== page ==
This Is A Horror Film.

unicornYesterday’s post was about a thirty-second horror film I wrote. I was thrilled to see it  produced and submitted to Studio 360’s film contest judged by the late Wes Craven. What I neglected to mention is that writing thirty-second horror films is addictive. I’ve written several more. Unfortunately Studio 360 hasn’t had another contest for them, although they did have a thirty-second romantic comedy contest.

I tried writing one of those but ended up with what a thirty-second conversation between two people who’ve decided they should just be friends. It’s a direction I wish more romantic comedies would take, but that’s another story. It’s probably just as well the contest was delayed.

I keep hoping Studio 360 will run the contest again. Here’s the script for one of my other ideas.

INT. EMILY’S ROOM – NIGHT

A little girl’s room. The walls are painted light blue with fluffy clouds. A bed with a stuffed white comforter and pillows is centered against the back wall. A nightstand with a lamp and several books sits next to the bed. A unicorn poster is over the bed.

EMILY, a little girl, nine years old, enters the room. She wears a nightgown.

She approaches the bed slowly at first then runs and leaps onto it. As she does so a large pair of hairy hands shoot out from under the bed and grab for her. They just barely miss her ankles.

A pair of glowing green eyes can now be seen under the bed.

EMILY reaches under the pillow and pulls out a ballpeen hammer. She slips over the opposite side of the bed, reaches under with her free hand, and pulls out a hairy creature. It’s squat, almost a cube, with tiny legs and enormous arms. It grunts and tries to crawl back under the bed. EMILY brings the hammer down right in the middle of its head. The creature screams shrilly but EMILY doesn’t let go. She begins hammering the creature furiously until it’s silent.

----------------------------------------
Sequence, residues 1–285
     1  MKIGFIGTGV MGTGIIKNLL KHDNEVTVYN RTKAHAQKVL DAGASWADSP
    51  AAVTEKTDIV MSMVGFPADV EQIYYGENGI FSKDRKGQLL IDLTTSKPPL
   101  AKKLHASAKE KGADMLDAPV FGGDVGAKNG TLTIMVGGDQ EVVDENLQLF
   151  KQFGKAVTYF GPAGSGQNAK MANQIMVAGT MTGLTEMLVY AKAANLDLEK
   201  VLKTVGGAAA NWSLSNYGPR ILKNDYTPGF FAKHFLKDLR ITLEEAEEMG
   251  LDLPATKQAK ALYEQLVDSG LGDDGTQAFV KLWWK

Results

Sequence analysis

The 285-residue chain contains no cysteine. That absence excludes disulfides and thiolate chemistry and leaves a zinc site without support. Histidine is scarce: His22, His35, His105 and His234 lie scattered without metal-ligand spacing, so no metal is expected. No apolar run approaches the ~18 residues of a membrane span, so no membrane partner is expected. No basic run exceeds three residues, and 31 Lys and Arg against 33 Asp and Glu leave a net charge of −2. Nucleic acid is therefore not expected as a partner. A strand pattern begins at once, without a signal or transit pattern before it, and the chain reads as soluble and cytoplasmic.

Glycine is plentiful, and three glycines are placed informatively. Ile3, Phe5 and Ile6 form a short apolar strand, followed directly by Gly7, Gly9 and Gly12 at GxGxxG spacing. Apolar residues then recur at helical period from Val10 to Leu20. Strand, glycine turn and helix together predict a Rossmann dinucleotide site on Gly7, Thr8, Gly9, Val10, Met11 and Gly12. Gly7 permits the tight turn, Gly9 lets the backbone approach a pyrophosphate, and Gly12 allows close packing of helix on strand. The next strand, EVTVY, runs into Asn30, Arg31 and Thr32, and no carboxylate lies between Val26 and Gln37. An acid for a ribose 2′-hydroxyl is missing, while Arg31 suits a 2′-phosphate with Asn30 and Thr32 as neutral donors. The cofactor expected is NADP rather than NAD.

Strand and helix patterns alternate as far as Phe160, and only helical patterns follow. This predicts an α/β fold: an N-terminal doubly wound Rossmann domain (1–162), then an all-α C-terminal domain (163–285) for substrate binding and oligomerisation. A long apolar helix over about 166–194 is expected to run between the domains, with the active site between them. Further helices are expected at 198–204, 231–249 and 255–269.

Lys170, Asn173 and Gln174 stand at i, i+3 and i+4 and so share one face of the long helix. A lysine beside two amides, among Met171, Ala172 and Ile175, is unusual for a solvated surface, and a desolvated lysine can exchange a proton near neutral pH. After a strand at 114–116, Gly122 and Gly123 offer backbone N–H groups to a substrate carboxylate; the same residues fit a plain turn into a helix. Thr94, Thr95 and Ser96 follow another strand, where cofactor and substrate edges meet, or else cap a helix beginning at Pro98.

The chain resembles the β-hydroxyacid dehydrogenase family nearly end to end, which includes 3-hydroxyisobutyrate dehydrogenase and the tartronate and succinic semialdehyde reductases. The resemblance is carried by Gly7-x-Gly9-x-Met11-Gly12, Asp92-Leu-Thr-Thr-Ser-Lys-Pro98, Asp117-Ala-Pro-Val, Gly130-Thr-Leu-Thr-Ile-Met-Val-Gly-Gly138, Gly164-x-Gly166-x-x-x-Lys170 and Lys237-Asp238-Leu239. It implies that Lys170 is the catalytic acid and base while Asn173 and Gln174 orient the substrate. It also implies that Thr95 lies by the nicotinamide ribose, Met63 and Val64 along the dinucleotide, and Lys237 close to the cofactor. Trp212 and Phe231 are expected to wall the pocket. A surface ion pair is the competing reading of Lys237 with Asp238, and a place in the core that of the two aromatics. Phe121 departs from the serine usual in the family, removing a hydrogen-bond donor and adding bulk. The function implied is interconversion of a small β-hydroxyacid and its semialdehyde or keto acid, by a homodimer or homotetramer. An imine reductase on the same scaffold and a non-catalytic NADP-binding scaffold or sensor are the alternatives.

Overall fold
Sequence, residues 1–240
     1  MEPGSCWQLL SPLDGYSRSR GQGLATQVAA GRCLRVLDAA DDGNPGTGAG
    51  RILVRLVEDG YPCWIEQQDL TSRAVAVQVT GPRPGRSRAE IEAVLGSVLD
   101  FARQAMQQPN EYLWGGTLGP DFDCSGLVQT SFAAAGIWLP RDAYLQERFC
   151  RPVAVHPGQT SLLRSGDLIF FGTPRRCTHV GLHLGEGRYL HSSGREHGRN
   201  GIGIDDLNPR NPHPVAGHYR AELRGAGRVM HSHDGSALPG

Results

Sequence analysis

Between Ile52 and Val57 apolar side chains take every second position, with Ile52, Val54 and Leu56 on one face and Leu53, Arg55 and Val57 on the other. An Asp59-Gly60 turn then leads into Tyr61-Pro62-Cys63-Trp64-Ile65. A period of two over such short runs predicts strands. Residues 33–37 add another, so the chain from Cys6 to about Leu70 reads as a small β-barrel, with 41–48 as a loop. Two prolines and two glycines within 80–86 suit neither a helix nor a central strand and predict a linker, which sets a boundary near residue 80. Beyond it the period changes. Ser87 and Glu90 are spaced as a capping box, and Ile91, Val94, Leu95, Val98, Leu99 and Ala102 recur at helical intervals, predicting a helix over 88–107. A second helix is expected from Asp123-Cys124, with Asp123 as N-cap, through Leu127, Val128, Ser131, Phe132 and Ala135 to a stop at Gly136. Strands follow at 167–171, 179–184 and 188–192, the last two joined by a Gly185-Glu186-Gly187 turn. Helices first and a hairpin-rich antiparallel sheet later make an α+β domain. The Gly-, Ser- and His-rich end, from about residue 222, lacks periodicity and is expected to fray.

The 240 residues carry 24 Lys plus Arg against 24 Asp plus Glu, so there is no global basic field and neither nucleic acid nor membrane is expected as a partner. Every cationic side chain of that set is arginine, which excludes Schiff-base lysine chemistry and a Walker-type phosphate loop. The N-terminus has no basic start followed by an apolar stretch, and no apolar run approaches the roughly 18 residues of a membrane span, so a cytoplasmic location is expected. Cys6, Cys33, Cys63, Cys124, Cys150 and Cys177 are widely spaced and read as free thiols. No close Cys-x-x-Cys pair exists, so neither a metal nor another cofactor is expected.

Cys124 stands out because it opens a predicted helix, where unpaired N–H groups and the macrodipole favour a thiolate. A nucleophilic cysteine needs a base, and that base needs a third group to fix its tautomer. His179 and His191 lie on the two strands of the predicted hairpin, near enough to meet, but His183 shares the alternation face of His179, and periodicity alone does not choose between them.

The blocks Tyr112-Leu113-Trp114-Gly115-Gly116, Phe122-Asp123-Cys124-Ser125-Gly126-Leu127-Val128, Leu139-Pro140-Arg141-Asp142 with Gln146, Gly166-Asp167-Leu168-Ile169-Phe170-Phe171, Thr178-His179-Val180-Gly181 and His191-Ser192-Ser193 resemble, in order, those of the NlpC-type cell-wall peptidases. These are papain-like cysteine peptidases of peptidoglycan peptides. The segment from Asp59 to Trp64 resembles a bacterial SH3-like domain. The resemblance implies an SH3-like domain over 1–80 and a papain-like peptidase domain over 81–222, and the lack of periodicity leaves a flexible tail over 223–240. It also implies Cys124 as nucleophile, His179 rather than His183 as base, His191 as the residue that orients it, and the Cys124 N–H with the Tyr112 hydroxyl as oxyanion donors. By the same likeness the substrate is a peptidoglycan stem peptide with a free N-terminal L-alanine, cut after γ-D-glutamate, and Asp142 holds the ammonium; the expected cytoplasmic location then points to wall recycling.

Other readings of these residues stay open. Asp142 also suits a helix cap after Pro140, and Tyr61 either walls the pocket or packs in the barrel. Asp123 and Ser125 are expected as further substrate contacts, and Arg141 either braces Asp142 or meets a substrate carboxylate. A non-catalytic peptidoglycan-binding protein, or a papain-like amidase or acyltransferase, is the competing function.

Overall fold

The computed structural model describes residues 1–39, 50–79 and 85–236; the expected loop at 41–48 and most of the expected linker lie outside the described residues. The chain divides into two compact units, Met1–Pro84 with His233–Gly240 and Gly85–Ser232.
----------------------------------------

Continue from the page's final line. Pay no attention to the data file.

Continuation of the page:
She then shoves it back. She climbs into the bed, takes a book, and begins to read.

Black blood begins to seep out from under the bed forming an ever-increasing pool.

FADE TO BLACK

12 Comments

  1. Gilly Maddison

    So she murderd a Boglin? Oh boy, is she in trouble with the Boglin King.

    Reply
    1. Christopher Waldrop (Post author)

      She’s in serious trouble. You know he’s going to kidnap her little brother who reminds him of the babe. Which babe? The babe with the power. What power? The power of voodoo. I’m trying really hard to summon up the spirit of David Bowie here.

      Reply
  2. Jay

    30 seconds sounds luxurious – around here they only allow 15!

    Reply
    1. Christopher Waldrop (Post author)

      Fifteen seconds sounds about right for a romantic comedy.

      Reply
      1. Jay

        Ha!

        Reply
  3. Gina

    In my version, I’d be spraying that hairy bastard with Windex. Of course it would be strange for the little girl to pull it out from underneath the pillow (but it would add to the strangeness). Windex is my go to formula for clean windows and killing bugs. I’m assuming that it’s effective for hairy monsters as well.

    Reply
    1. Christopher Waldrop (Post author)

      Windex is my number one weapon against wasps. I never thought of using it against a hairy monster under the bed. I just liked the idea of a child tormented by a monster having a weapon handy.
      How she got the hammer under her pillow and why she didn’t just use it when she brought it with her is a question you shouldn’t ask.

      Reply
  4. Ann Koplow

    A nice, literate girl smashing something into oblivion. For some reason, this reminds me of my own blog post today. Thanks for a smashing script, Chris.

    Reply
    1. Christopher Waldrop (Post author)

      There’s a saying great minds think alike. Well, I don’t know if mine is a great mind, but it is amazing that we were both thinking of smashing childhood fears and anxieties at the same time.

      Reply
  5. Sandra

    You go girl! Emily should be teaching self-defense classes in her spare time.
    And I totally think you should do the romantic comedy…actually I would seriously pay money to read your take of a romantic comedy…I’m laughing, I’m sorry, but I just can’t resist. Although you do have a knack for writing horror.

    Reply
    1. Christopher Waldrop (Post author)

      A lot of horror films make female characters the victims so I wanted to turn that on its head. And I keep going back to the romantic comedy idea because it’s so much more challenging. That’s what I like about it. Imagine trying to establish a relationship and make it funny in the space of half a minute. It seems impossible but there are creative solutions to everything.

      Reply
      1. Sandra

        I have no doubt whatsoever that you’ll find the solution. Now go do it. God’s speed!

        Reply

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